Can you, Nature, allow your offspring to be tormented by the scourge of wrong? What winter storm has so aroused your motherly gentleness against your sons? Has a mother’s love learned a step-mother’s hatred? Alas that your charges must henceforth taste only bitter food! Motherly compassion has cloaked itself in severity, and Ino has grown as hard as unyielding Procne.

{ Compaterisne tuam scelerum, Natura, flagellis
Affligi sobolem? que sic in pignora pacem
Maternam turbavit hiemps? odiumne noverce
Exhibitura favos! heu pignora semper amarum
Gustatura cibum! pietas materna rigorem
Induit et scopulis Prognes induruit Ino. }

Scholars now believe that Mother Nature, like everything else, is socially constructed. Yet anti-men gender inequality in reproductive knowledge and cuckolding risk has existed roughly as long as sexually reproducing species have. Architrenius complained that Mother Nature didn’t treat men with generous kindness. He spoke perceptively for men generally.

In response to the weeping Architrenius’s complaint, Mother Nature urged him to marry. She selected for him a young woman, “beautiful, yet chaste {pulchra — pudica tamen}”:

She will be a sweet companion in the marriage chamber, delicately soft to the appreciative touch. Her splendor dims the light of day and the gemlike glow of her starry face burns through the mantle of the darkest night. Though the most persuasive of procuresses should present herself, the very matron of honor of corrupted love, the most brilliant of the handmaids of dissolute Venus, that race whom anxious chastity so mistrusts, this maiden would never accept the embraces of a stranger. She does not harbor a Ledaean spirit behind the face of Lucretia; in her heart she is a very Penelope, though her face is the Spartan’s.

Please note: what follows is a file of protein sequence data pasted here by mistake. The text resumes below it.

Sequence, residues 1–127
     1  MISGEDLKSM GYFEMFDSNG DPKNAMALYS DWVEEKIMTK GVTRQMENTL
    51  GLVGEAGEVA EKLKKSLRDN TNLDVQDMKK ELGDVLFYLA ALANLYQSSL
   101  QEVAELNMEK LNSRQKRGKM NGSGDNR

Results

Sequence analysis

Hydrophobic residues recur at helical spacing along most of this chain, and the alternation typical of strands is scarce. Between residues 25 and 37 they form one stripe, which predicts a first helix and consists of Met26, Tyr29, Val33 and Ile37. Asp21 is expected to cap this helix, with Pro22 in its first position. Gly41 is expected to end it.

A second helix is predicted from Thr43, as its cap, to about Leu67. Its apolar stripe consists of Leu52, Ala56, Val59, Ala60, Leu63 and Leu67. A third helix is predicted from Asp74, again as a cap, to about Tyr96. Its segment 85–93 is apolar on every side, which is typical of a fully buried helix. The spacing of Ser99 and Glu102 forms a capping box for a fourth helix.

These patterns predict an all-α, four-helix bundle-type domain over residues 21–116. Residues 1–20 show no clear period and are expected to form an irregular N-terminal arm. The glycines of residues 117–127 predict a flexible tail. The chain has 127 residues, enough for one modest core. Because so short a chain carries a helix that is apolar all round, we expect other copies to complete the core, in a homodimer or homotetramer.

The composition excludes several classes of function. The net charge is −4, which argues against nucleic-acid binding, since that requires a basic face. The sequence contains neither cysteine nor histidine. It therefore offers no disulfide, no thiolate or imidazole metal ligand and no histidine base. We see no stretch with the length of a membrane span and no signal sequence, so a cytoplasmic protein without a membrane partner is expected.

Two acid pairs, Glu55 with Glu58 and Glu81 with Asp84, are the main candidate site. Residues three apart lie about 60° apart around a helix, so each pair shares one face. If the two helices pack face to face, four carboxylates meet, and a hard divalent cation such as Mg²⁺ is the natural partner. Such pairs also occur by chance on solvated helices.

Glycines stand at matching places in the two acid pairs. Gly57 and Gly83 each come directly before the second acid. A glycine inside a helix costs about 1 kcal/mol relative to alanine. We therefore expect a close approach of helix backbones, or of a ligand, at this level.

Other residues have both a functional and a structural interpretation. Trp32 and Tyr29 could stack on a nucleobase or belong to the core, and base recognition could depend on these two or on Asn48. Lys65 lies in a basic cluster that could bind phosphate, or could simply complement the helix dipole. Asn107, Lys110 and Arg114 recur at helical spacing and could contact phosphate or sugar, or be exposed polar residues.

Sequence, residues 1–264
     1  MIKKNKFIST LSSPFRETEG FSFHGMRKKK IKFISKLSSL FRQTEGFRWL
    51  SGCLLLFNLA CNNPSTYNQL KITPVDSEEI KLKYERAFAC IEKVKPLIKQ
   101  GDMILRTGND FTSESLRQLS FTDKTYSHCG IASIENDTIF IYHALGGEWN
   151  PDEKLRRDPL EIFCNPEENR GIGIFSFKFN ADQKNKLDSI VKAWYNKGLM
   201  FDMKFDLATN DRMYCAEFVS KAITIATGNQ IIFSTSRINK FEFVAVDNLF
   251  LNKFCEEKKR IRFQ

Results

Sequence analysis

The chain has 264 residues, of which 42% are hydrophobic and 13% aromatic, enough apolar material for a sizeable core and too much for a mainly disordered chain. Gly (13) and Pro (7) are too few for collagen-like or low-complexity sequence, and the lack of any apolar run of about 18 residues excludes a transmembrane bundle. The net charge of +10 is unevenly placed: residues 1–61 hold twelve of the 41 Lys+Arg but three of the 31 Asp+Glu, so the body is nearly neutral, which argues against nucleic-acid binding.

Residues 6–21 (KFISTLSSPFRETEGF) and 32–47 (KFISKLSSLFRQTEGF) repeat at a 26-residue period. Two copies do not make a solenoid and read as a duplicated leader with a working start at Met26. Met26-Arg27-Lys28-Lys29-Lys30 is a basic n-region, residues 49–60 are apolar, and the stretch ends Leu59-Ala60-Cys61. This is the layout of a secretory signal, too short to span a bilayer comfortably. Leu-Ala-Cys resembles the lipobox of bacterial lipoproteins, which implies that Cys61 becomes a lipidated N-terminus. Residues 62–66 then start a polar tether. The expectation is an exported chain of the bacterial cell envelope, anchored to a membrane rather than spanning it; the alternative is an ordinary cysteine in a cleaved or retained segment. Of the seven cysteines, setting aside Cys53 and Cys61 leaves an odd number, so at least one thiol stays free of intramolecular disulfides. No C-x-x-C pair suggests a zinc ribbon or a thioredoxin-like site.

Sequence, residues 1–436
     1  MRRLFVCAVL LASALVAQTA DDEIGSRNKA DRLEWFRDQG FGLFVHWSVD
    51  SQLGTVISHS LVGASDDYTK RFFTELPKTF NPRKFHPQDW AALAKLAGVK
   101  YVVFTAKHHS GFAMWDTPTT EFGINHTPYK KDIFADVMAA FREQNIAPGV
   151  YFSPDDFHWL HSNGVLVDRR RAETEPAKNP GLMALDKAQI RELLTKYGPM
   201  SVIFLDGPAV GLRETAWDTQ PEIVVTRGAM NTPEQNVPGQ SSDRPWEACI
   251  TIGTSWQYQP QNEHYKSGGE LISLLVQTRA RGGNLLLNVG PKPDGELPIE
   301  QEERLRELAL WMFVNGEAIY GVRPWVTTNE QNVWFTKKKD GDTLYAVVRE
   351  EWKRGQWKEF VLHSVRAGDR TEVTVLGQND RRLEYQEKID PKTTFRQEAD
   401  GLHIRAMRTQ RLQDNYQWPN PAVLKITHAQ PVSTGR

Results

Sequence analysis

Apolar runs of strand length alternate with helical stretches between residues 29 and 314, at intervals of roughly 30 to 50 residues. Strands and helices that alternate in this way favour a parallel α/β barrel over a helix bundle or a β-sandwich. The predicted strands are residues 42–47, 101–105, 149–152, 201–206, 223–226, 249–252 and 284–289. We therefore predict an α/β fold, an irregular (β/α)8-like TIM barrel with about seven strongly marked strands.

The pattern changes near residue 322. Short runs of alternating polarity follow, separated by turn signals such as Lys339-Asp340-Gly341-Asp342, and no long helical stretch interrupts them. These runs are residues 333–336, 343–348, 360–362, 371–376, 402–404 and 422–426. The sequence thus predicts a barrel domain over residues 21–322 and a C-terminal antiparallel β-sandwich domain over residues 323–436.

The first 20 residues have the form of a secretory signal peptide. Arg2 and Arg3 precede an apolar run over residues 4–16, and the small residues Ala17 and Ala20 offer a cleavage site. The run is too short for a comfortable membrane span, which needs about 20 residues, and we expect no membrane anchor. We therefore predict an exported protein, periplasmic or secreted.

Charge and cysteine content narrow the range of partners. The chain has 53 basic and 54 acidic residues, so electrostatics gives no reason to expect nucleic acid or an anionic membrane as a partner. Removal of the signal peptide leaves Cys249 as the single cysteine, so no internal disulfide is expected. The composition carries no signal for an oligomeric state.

{ Blanda comes thalami sapidoque tenellula tactu;
Obnubit spendore diem, noctisque profunde
Peplum siderei vultus carbunculus urit.
Cum sit adulterii promptissima lena, Diones
Pronuba corrupte, Venerisque ancilla solute
Gloria, sollicito species suspecta pudori,
Non tamen hec recipit alienos innuba nexus,
Nec Ledea tenet animos, Lucrecia vultum,
Solaque Penelopen gremio gerit, ore Lacenam. }

Many men find such women highly attractive. But when being pulled toward the prison of marriage, men should consider a broad view.

girdle of Venus placed on Hera

Mother Nature explained that the bride would present her husband-to-be with the girdle of Venus. Vulcan, Venus’s husband, actually did the manual labor of making the girdle that came to be named after Venus. A leading exemplar of yes-dearism, Vulcan was completely subservient to his goddess wife Venus. When she wanted him to do something, she would persuade him with her sexual allure and his passion for her. For example, when he hesitated to make a shield for Aeneas, she emotionally besieged him:

Ceasing to speak, the goddess threw her snow-white arms
around him as he held back, caressing him here and there,
and suddenly he caught fire — the same old story,
the flame he knew by heart went running through him,
melting him to the marrow of his bones. As thunder
at times will split the sky and a trail of fire goes